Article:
My apologies for the absence. The aforementioned storm also took my internet out, and the problem wasn't resolved until a few days ago. That's okay I suppose. I wouldn't have had time to write a proper post anyway.
Since the deluge, I have been to two fantastic shows. Last week was Old Crow Medicine Show's Big Surprise tour stop at Waterfront Park. Obviously, it featured Old Crow, alongside guests like the Felice Brothers, Justin Townes Earle, and Gillian Welch. It was a pretty brilliant idea for the tour. Each act would come out and play four or five of their own songs. Then, EVERY other artist would join them on stage to play a final two or three. It was a great feel for the show. Having 12-13 people on stage made it seem kind of like Parliament Funkadelic suddenly turned into a nu-grass band. Now there's something I would pay to see.
Now, onto more monumental matters of the Sarah Hunt concert-going canon. Saturday was THE concert. The zenith. The paradigm by which I will judge all others. Of course, this was the concert of one of my heroes--James Paul McCartney. We caught him at the Green Concert for Piedmont Conservancy in Atlanta. I don't think I'm even going to attempt transcribing my emotions into words. I don't mean to sound like a 14-year-old who has just seen her first Jonas Brothers show and is 79% sure that Joe winked at her. This is a totally different experience for me. My dad raised me on The Beatles. They were his band, and everyone knew it. When the anthology series debuted, KET aired the chapters one by one on Saturday nights. I can remember curling up in the old recliner with him (even though I was probably eleven or twelve by then) and watching the shows. He had seen just about every classic rock act imaginable--I lost track of all the Led Zeppelin stories. However, he was always crushed that he was never able to see The Beatles. They stopped touring by the time he was about 17. So, when I saw Paul, I just couldn't help but wish that he could be there to experience it with me. It was the epitome of a bittersweet moment. Paul came on stage to "Drive My Car", and I stood in the field blinded with tears but wearing a smile on my face that probably hadn't been seen since I was a child at Christmas.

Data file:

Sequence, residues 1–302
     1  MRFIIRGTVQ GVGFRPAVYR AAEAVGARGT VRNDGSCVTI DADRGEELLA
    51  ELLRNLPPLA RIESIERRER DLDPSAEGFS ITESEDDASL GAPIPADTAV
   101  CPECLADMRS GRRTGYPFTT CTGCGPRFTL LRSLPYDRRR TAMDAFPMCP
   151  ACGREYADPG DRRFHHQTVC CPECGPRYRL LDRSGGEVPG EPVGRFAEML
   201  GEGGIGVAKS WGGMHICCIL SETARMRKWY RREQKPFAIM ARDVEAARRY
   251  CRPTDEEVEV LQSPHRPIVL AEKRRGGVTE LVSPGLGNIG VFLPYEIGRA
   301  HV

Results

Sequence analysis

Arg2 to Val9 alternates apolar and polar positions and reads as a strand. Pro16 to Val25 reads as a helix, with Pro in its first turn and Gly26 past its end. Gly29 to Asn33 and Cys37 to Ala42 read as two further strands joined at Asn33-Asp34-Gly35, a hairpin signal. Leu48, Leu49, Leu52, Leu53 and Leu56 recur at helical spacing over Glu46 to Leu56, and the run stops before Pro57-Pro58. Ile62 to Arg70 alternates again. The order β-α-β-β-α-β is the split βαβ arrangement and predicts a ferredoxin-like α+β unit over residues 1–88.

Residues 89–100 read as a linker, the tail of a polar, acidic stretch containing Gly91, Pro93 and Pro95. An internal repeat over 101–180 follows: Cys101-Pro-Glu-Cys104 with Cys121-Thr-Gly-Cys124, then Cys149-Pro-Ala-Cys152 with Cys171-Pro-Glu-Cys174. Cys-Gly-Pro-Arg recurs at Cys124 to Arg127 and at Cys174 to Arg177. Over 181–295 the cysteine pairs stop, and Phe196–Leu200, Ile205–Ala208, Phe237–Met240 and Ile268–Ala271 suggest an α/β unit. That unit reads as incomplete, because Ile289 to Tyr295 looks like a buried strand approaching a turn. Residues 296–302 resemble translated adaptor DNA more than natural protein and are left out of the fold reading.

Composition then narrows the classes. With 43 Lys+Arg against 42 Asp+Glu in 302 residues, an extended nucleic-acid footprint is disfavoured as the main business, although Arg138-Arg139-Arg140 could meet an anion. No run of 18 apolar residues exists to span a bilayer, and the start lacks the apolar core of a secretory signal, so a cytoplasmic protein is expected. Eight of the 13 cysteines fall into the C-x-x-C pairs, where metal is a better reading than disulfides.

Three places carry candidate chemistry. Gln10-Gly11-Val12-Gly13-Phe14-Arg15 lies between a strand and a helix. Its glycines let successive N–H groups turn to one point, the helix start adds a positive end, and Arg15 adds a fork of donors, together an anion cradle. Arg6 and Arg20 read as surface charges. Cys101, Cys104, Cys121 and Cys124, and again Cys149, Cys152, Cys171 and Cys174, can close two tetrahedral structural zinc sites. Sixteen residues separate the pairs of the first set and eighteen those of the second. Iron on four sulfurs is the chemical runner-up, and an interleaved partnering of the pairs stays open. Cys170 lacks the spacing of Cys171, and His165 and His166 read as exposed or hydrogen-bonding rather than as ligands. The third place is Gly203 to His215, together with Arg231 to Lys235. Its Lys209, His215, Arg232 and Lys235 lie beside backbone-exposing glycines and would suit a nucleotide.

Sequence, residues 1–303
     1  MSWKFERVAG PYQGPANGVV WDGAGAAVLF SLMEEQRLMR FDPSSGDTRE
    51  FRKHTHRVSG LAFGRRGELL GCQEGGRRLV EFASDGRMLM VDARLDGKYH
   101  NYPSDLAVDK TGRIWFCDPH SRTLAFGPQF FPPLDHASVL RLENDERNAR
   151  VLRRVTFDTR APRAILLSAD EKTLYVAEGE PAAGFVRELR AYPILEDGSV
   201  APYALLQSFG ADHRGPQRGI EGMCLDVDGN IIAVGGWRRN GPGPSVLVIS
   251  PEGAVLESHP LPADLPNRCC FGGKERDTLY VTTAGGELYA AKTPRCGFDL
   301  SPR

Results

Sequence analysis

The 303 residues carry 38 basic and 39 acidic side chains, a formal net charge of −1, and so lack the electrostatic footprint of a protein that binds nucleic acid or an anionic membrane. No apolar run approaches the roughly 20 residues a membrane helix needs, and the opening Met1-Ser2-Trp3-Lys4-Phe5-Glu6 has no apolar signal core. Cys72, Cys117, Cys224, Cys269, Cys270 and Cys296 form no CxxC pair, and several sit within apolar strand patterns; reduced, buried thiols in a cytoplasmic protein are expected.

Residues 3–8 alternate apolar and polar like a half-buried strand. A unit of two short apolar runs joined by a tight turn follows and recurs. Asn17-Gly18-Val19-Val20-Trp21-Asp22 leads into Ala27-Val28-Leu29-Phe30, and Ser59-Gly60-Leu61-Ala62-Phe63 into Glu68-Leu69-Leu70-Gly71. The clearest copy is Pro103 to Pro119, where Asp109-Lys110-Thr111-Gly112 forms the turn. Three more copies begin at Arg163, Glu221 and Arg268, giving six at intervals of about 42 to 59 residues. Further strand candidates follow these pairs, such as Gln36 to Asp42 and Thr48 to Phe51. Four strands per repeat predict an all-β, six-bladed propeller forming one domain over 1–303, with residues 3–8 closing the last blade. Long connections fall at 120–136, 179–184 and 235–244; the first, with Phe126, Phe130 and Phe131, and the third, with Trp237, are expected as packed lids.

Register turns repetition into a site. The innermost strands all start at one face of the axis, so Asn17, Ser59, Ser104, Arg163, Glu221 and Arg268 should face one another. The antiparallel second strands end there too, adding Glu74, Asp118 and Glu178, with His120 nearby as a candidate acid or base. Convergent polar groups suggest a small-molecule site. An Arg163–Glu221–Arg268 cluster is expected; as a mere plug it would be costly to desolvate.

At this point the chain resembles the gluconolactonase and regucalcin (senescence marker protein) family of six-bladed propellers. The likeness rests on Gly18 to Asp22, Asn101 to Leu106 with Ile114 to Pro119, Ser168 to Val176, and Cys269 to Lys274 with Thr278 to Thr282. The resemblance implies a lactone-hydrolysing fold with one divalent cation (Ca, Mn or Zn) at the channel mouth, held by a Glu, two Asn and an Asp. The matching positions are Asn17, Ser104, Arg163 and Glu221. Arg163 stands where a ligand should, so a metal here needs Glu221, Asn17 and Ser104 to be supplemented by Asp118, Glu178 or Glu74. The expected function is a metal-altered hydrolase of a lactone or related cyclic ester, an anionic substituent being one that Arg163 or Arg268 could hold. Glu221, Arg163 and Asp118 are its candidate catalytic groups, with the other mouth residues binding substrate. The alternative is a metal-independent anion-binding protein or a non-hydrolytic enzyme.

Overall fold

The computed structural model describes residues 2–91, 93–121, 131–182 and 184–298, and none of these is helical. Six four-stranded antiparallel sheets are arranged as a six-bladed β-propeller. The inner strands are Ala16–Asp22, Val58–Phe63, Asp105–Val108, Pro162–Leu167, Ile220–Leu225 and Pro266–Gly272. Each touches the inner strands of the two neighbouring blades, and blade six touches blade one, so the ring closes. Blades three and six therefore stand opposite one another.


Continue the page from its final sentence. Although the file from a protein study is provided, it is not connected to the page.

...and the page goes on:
The concert itself was incomparable. I know I probably sound like a broken record, but it's true. Even if I didn't hold Paul in the high regard that I do, I would have been blown away by the show. He performed for nearly three hours, with the only breaks coming between his two encores. Although I would have enjoyed hearing a little "Monkberry Moon Delight", the show really left nothing to be desired. The majority of his songs were Beatles standards, with a sprinkling of Wings tunes and two new ones from the "Fireman" album. The downpour that hit Piedmont Park couldn't dampen my mood either. Actually, I thought it was the perfect coincidence that it began as Paul sang "Blackbird." Most of the crowd started throwing blankets over themselves, or pulling out the ponchos that are for some reason still accepted by the 30+ crowd. Evan and I just looked at one another and smiled, then put our hands in the air and our face to the sky. I didn't have a dry thread when all was said and done, but I wouldn't have it any other way. His final encore was ace. It began with the "Sgt. Pepper's Lonely Heart's Club Band" reprise, which went immediately into "The End."
I won't ramble about that any longer. I'll just finish up for today by saying that I often have the same suspicions about people as Seymour Glass. I think they must be plotting to make me happy.